Have Word Processors Changed Storytelling?

Have computers and word processors changed the way we tell stories?

I was listening to the WTF Pocast with Marc Maron this morning and he was interviewing Bradley Whitford. I’ve admired Bradley since his days on The West Wing. Marc and Bradley were talking about how acting has changed since most shoots are now done digitally instead of on film or tape. Since there is no longer a finite amount of time and physical recording medium, shoots tend to drag out longer. This allows for the director to get candid things that they never would have gotten to when they were trying to preserve film.

Bradley made the connection to writing and compared it to the difference in writing on a typewriter where it is difficult to fix mistakes or to even writing long hand with a quill. Imagine the care you would take with your words if your medium was a chisel and stone.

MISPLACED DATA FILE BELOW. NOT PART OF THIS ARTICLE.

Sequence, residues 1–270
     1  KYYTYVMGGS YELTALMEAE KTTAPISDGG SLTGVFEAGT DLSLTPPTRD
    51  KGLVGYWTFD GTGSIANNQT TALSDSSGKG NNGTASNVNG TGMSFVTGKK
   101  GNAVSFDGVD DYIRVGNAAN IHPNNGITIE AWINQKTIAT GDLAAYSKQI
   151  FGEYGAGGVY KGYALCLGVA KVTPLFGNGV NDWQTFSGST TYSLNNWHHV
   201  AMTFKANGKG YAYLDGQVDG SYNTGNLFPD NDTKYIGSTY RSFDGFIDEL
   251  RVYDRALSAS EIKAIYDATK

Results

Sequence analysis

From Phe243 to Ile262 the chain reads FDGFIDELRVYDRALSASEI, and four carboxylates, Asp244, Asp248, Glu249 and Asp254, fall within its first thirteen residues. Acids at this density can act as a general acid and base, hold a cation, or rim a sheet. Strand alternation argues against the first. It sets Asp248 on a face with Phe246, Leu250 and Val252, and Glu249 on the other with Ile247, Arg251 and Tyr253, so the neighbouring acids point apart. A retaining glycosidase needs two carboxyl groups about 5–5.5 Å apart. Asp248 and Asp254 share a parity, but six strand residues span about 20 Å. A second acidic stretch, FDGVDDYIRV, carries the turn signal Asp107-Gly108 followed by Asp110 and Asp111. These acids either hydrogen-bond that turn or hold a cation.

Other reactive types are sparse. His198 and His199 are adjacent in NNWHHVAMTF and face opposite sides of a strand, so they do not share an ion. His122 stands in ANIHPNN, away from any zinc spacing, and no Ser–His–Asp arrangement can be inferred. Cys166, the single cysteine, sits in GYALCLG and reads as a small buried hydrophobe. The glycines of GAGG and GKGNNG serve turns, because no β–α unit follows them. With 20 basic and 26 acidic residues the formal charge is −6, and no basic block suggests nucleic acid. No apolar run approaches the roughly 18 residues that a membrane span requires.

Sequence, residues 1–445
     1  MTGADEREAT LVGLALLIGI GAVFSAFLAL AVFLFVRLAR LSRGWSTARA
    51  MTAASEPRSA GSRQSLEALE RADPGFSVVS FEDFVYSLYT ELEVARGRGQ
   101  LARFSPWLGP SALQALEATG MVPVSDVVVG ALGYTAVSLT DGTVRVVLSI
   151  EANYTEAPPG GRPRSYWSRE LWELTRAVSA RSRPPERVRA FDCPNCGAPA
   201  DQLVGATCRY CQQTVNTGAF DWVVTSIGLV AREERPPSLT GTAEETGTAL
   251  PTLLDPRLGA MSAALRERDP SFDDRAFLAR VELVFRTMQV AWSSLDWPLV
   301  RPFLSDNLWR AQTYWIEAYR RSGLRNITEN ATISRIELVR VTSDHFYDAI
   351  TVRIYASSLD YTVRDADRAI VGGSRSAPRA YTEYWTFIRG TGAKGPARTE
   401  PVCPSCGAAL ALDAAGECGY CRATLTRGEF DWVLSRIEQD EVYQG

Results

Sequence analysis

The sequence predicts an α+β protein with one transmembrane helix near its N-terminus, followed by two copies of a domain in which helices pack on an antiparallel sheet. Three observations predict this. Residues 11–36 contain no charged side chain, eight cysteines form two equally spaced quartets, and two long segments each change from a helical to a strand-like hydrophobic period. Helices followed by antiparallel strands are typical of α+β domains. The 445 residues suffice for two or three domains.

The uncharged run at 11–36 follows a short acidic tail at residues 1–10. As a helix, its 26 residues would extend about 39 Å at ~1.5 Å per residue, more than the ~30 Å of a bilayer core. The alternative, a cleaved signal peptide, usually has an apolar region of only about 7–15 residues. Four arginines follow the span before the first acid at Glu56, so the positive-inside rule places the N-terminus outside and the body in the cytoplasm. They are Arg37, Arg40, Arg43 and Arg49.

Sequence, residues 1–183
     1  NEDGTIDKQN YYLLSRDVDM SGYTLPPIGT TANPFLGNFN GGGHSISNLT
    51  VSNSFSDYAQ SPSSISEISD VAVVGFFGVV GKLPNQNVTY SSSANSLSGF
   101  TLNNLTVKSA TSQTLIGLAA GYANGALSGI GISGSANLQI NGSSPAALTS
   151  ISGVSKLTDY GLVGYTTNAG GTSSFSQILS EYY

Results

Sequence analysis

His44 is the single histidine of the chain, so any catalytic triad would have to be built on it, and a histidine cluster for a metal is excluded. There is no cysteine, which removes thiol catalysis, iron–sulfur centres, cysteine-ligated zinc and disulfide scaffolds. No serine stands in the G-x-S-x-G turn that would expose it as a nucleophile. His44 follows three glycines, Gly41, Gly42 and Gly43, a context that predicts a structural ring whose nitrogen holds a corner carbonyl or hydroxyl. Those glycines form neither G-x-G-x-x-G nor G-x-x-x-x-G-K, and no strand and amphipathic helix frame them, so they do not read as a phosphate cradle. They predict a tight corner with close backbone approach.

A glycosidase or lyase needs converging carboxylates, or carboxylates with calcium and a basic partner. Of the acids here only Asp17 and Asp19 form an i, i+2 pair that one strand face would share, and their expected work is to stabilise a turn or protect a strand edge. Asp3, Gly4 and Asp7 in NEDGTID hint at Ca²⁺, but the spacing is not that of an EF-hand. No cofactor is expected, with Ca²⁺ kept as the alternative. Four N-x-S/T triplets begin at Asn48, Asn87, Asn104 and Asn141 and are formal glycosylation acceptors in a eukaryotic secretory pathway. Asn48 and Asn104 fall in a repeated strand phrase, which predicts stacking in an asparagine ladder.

Now of course computers and word processors allow us to write without the fear of correction and it has naturally lengthened the novel, which I am glad for. Fifty years ago a standard novel was weighing in at 50,000 words regularly. Brandon Sanderson has no fear of word counts.

I do believe there is something to be said for respecting the economy of words, but I am not trading in my keyboard anytime soon.

What do you think? Tell me below.

3 thoughts on “Have Word Processors Changed Storytelling?

  1. I’ve recently started to split the difference by writing my first draft longhand, then transcribing into Word. It’s been a vivid reminder of how much more focused you have to be with pen and paper.
    Plus it makes me feel smarter and it’s a good excuse to splurge on nifty little notebooks and really nice pens.

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